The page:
Among those eligible for the pay increase are members of the Coalition of LA City Unions, which consists of six unions. These groups would receive seven pay increases over five years, or a total pay increase of 24%, once the pay increases are included.

The salary agreements would increase the minimum wage for the city’s full- and part-time employees, to $20 an hour this year and $25 by June 2026. Parental leave would double from six to 12 weeks. become more lucrative.

Friday’s report came amid a growing debate over city spending and what types of sacrifices will be necessary to ensure the city’s workforce is better compensated.

Szabo recently called for the elimination of 1,974 vacant positions, largely to free up money for pay increases not only for civilian city workers but also for police officers.

Bass’ team has already endorsed the general concept of removing unfilled positions from the books and says some positions have been vacant for several years. City Manager Kenneth Mejia has criticized the idea, saying such cuts will threaten the quality of city services.

Appearing at a virtual town hall on the budget Thursday, Mejia said the positions should remain on the city’s books while remaining unfilled for now.

In recent months, Mejia has focused on a new package of pay increases for the city’s police officers, which Bass also negotiated. This deal is expected to add $384 million in personnel costs to the annual budget by 2027, or an additional $1 billion over four years.

Chief Deputy Comptroller Rick Cole, a senior aide to Mejia, said Friday that the city is on an “unsustainable budget path” due to higher statutory payouts, overly optimistic revenue forecasts and higher costs resulting from the pay increases for police officers.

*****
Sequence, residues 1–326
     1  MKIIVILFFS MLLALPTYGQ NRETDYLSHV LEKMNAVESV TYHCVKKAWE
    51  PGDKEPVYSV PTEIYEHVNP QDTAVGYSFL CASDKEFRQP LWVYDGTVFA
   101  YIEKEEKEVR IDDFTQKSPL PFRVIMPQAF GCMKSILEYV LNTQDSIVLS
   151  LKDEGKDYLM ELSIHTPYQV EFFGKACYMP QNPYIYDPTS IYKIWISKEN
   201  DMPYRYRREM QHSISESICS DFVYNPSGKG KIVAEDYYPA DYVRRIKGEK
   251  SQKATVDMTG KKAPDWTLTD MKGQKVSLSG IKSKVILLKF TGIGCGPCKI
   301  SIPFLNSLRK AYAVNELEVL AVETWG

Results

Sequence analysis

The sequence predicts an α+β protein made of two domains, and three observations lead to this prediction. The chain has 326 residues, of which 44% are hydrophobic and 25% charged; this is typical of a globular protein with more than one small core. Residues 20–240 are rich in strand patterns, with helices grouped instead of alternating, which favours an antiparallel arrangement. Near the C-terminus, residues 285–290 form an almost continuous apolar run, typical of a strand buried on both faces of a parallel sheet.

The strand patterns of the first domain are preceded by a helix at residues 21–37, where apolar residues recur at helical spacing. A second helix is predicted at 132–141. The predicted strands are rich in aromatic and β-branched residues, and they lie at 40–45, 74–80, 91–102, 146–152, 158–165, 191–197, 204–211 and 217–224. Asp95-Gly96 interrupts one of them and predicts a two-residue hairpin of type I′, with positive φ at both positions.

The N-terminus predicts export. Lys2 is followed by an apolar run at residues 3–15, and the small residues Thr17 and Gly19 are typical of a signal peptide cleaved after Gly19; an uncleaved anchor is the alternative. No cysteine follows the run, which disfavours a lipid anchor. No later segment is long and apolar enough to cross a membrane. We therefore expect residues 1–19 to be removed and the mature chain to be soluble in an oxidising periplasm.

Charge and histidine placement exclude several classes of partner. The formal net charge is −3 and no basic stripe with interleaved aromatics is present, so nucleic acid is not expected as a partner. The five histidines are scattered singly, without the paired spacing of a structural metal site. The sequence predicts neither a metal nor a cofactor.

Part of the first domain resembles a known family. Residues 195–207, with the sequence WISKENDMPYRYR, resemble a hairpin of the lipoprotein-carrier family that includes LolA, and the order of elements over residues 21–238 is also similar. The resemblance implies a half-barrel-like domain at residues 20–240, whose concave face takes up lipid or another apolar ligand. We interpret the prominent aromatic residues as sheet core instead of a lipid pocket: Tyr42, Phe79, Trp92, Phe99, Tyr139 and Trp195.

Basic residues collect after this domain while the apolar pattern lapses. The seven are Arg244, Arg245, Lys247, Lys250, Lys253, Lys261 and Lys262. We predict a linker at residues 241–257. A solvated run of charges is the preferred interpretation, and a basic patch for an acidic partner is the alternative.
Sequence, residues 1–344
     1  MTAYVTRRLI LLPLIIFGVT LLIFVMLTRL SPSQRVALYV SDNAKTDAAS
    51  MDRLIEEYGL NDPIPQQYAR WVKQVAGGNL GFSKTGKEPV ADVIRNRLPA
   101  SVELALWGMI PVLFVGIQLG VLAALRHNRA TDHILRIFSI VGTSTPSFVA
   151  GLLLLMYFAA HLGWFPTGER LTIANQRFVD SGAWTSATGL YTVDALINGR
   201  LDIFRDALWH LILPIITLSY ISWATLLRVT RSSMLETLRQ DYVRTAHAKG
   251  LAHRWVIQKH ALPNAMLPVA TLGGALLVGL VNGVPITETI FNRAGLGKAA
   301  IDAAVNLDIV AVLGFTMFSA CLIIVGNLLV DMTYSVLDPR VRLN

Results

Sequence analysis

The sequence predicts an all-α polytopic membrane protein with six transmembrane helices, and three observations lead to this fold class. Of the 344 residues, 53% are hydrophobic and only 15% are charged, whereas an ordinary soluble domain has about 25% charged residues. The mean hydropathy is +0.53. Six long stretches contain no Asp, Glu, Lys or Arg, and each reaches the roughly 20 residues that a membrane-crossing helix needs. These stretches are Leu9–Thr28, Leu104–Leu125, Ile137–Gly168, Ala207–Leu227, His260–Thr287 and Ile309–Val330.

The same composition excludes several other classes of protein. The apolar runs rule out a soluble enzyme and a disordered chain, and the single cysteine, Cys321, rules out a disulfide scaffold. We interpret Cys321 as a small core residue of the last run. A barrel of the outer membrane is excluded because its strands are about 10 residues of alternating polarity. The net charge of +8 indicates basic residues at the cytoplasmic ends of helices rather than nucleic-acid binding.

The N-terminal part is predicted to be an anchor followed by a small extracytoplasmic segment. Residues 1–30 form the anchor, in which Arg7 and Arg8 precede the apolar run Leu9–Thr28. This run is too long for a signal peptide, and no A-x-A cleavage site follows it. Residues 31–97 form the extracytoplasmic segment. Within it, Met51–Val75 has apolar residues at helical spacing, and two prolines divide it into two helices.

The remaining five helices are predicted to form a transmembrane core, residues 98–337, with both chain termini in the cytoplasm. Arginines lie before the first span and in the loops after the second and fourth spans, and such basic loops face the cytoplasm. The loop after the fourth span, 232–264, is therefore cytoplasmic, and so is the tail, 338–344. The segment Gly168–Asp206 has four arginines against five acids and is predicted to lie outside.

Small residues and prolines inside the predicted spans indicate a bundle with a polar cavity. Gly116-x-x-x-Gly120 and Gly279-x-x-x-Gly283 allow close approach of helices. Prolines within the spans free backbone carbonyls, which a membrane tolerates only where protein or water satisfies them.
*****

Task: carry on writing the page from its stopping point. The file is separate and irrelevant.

In an email, Cole declined to criticize the new round of pay increases for civilian workers. He said it would be “not fair” to increase the salaries of police officers and then deny other employees similar increases.

“As such, wage increases for every employee will objectively increase costs to the city,” he said. “Therefore, the city must reallocate its budget to reflect the new reality.”

The coming increases will be most felt in the city’s general fund, which pays for basic services such as police patrols, firefighters and paramedics, as well as park and recreation programs.

The salary agreements are expected to increase general fund costs by $196 million in the upcoming budget year, which begins July 1, and by $311 million in the fiscal year after that. Additional annual costs to the general fund are expected to reach $623 million by 2028, according to Szabo’s report.

Bass will announce her upcoming budget on April 22. In recent weeks, she has pledged not to cut positions for police officers, firefighters, garbage truck drivers or other “critical” public safety jobs.

David Green, president and executive director of Service Employees International Union Local 721, said he remains confident the city can afford the new round of wage increases. Bass and the City Council, he said, have already shown that they are “setting budget goals with an eye to the future.”

“City workers have earned their raises, and the council is right to vote for them,” he said.


Please enter your comment!
Please enter your name here


Hot Topics

Related Articles